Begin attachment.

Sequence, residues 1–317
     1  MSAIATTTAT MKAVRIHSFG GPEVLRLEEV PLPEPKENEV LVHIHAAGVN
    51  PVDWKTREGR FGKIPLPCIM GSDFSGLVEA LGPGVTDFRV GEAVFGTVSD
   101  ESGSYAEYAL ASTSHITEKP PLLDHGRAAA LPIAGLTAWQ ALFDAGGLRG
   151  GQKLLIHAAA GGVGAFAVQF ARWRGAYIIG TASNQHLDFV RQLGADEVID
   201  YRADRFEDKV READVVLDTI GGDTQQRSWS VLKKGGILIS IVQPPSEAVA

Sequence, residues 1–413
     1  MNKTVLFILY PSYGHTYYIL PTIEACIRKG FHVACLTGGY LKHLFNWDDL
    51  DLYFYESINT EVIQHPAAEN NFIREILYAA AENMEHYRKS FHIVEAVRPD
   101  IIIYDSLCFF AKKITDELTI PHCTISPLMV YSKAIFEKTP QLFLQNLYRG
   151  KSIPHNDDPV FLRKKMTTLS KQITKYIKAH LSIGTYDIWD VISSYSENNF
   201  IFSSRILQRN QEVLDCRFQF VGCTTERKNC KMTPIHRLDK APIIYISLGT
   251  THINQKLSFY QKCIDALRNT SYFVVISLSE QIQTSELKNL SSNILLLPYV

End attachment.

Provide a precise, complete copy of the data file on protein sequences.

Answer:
Sequence, residues 1–317
     1  MSAIATTTAT MKAVRIHSFG GPEVLRLEEV PLPEPKENEV LVHIHAAGVN
    51  PVDWKTREGR FGKIPLPCIM GSDFSGLVEA LGPGVTDFRV GEAVFGTVSD
   101  ESGSYAEYAL ASTSHITEKP PLLDHGRAAA LPIAGLTAWQ ALFDAGGLRG
   151  GQKLLIHAAA GGVGAFAVQF ARWRGAYIIG TASNQHLDFV RQLGADEVID
   201  YRADRFEDKV READVVLDTI GGDTQQRSWS VLKKGGILIS IVQPPSEAVA

Sequence, residues 1–413
     1  MNKTVLFILY PSYGHTYYIL PTIEACIRKG FHVACLTGGY LKHLFNWDDL
    51  DLYFYESINT EVIQHPAAEN NFIREILYAA AENMEHYRKS FHIVEAVRPD
   101  IIIYDSLCFF AKKITDELTI PHCTISPLMV YSKAIFEKTP QLFLQNLYRG
   151  KSIPHNDDPV FLRKKMTTLS KQITKYIKAH LSIGTYDIWD VISSYSENNF
   201  IFSSRILQRN QEVLDCRFQF VGCTTERKNC KMTPIHRLDK APIIYISLGT
   251  THINQKLSFY QKCIDALRNT SYFVVISLSE QIQTSELKNL SSNILLLPYV